By way of background, we should all recognize that we face a substantial risk of needing nursing home care. Nearly 50% of people who recently turned 65 can expect to spend some time in a nursing home before they die. For many this will be the last place they live in; for some, it will be a facility where they stay for rehabilitation after hospitalization. The majority of people over age 80 need some form of long term care—fully 68% of men and 77% of women who live at home need assistance with everyday activities (see Wan He, Manisha Sengupta, Victoria Velkoff, and Kimberly DeBarros: US Census Bureau, Current Population Reports, P23-209, 65+ in the United States: 2005.
We should also be aware that Medicare pays for only a small fraction of our long- term care needs. Medicare covers up to 100 days of skilled nursing home care each “benefit period,” (where a benefit period typically starts at the time of hospitalization). But this kind of “skilled nursing home” care involves short-term rehab after a hospital stay only. Medicare may also pay for a home health aide or homemaker for a limited time after an acute illness. It does not pay for the kind of ongoing care than an older person with one or more chronic diseases may need. Medicaid, the insurance program for the poor and the disabled, does pay for nursing home care or services in the home for those who have used up most of their resources. The actual Medicaid eligibility criteria vary considerably from state to state since Medicaid is a joint federal-state program.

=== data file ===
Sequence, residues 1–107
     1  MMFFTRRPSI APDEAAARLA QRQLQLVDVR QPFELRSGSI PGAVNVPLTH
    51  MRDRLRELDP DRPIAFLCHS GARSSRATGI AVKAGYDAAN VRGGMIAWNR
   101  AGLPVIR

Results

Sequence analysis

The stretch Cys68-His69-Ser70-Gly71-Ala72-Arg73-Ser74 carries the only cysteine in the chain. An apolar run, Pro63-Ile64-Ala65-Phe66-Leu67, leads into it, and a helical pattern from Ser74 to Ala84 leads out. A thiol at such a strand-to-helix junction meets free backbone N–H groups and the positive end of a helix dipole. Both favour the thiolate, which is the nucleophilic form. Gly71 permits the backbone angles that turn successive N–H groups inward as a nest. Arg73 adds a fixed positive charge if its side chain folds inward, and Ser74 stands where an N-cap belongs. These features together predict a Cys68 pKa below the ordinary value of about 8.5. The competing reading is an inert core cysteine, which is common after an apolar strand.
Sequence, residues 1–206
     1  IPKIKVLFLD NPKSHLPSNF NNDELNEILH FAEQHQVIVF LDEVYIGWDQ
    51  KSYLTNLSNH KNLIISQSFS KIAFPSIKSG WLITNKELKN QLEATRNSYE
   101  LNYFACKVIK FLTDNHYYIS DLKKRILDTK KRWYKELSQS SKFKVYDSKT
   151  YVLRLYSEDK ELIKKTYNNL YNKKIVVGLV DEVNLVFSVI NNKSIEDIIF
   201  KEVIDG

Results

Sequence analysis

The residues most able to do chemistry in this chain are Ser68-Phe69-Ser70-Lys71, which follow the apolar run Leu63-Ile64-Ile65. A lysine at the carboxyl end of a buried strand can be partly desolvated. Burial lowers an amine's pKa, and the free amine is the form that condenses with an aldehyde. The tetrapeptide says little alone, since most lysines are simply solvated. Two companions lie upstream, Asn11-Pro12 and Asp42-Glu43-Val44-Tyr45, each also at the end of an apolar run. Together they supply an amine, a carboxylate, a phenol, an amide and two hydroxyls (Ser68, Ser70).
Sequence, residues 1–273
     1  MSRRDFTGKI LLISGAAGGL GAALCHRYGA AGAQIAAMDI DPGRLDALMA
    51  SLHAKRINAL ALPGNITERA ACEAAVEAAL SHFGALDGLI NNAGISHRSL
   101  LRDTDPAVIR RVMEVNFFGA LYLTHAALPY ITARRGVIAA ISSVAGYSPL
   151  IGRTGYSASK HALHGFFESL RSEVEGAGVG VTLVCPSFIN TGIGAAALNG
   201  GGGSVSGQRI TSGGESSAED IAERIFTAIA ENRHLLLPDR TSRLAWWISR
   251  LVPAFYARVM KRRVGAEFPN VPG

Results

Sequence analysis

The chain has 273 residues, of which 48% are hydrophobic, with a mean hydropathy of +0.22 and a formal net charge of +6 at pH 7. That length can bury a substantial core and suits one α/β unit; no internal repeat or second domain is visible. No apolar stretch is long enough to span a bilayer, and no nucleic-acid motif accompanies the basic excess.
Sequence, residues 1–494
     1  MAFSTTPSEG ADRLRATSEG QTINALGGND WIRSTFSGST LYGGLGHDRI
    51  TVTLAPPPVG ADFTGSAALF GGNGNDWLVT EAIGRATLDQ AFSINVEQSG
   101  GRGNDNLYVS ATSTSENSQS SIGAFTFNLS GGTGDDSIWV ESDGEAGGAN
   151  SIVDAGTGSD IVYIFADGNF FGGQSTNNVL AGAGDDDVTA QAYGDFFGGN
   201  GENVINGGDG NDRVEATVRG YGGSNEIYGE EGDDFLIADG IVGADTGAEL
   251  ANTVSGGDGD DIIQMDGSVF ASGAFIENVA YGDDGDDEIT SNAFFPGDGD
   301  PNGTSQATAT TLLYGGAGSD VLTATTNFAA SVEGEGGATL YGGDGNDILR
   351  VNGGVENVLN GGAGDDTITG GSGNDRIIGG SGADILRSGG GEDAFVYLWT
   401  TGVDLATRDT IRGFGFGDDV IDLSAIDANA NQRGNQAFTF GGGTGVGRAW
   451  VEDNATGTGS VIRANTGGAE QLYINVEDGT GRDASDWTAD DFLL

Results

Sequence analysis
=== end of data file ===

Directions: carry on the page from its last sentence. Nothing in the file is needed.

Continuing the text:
If you think you want to get long term care insurance, you typically need to choose among policies that only cover care in institutional settings, policies that only cover care at home, and comprehensive policies that provide both. While some people figure that the point of a policy is to be able to pay for home care so as to avoid going into a nursing home and therefore are interested only in a home-care policy, the coverage provided is likely to be inadequate to pay for full time help. Many people decide that if they’re going to get long-term care insurance, they may as well guard against all eventualities.